I decided the following week that I was only going to have one training session with her and not overdo it. I needed to make sure she was still feeling happy about her agility and fortunately where I train is where the weekends trial was going to be. As I suspected she was perfectly fine at training and was being her normal wacky self. I didn't do anything fancy, just lots of rewarding and fun, fun, fun. The day of last weekends trial was crazy hot, something like 39 degrees during the day. I wasn't overly worried about Cassie after the jumping incident but I was wondering what would happen when I put her on the start line.  Plus even though it was evening it was still very warm and not really optimum trialling conditions.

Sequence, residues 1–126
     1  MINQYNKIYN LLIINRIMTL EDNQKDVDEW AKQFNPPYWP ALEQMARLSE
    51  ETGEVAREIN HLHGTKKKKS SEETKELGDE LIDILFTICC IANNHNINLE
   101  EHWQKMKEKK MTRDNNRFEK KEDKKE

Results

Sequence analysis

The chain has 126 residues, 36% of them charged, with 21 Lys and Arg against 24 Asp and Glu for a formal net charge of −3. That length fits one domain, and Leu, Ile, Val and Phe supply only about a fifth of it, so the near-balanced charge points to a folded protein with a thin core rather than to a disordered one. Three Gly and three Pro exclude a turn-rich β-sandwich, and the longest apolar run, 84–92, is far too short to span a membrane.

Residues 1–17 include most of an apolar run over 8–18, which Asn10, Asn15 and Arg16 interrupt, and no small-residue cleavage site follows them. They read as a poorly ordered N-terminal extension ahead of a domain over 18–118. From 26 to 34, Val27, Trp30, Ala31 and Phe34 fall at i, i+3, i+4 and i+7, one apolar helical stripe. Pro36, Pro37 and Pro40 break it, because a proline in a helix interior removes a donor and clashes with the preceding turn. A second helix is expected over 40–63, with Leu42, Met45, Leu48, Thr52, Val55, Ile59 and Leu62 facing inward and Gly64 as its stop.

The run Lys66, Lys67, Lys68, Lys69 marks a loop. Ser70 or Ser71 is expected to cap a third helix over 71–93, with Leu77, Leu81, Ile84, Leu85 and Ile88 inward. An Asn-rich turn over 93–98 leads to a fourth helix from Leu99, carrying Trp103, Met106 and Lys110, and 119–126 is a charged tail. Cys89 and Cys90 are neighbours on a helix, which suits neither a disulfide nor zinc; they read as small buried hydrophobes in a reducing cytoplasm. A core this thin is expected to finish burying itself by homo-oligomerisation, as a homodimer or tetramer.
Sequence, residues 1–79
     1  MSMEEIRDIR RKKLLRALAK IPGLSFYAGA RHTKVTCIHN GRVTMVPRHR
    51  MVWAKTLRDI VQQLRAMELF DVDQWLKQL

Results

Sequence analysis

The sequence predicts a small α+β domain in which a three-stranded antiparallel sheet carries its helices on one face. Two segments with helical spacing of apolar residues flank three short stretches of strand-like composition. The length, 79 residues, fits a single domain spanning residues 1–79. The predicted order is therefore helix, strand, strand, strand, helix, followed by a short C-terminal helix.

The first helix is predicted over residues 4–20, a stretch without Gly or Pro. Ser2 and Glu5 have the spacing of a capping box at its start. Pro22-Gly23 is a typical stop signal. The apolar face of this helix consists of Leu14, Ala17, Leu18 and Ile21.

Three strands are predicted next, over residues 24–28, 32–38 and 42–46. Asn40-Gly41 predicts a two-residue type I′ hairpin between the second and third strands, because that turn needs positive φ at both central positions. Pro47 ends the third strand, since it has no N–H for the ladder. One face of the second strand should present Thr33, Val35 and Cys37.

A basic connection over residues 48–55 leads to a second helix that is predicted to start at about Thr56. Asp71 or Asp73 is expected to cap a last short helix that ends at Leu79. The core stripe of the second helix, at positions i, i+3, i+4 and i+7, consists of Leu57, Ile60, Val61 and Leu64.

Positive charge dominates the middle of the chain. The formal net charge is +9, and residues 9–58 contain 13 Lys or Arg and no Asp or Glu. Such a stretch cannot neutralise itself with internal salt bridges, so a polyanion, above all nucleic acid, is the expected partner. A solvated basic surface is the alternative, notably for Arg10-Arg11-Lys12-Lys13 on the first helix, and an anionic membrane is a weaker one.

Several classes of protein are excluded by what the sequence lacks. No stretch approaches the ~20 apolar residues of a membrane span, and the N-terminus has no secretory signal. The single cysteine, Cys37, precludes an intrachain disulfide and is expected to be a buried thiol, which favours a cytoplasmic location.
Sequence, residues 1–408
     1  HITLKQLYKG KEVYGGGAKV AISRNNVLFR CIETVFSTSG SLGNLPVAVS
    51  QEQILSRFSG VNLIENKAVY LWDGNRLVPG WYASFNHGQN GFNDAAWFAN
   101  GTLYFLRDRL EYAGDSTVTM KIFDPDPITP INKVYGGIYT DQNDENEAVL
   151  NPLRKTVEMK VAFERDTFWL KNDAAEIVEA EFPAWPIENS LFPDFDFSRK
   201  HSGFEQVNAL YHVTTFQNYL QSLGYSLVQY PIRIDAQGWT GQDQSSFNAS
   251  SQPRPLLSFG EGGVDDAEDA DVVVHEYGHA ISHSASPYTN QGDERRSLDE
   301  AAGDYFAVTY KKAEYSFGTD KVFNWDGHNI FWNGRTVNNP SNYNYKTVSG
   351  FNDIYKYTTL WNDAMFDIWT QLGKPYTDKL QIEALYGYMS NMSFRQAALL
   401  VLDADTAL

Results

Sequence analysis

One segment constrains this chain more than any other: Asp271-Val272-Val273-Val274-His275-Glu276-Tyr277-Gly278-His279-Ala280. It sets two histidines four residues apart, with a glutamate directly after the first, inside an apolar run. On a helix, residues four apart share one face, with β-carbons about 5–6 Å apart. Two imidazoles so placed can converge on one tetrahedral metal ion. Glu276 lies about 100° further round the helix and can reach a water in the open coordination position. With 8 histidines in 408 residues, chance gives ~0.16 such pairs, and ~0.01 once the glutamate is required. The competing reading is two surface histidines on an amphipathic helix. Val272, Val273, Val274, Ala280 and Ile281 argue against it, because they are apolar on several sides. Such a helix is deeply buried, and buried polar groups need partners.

As it happened the first run was great and we got a Q to give us her third pass in Excellent Jumping from the last four trials. She is certainly handling like a dream. Next up was Excellent Agility. She looked to all the world that she was focused on the start line but just before I released her she looked back behind us (Aunty Kriszty had just arrived to watch) and then when I released she ran straight back to the crowd. Mmmmmmm..... I got her back and we took off as soon as she was in position but her brain wasn't quite in the game and she ran past the third jump. Such a shame as she nailed the rest of the course like a pro and was absolutely flying on the second half. Our last event was Open Jumping and I knew that the distance challenge would be too hard. As it happened it was rather a mess and included a pappy zoomie but she was with me and did some super fast weavers that I was very happy with. At the end of the day I really just wanted to make sure she was having fun with no pressure.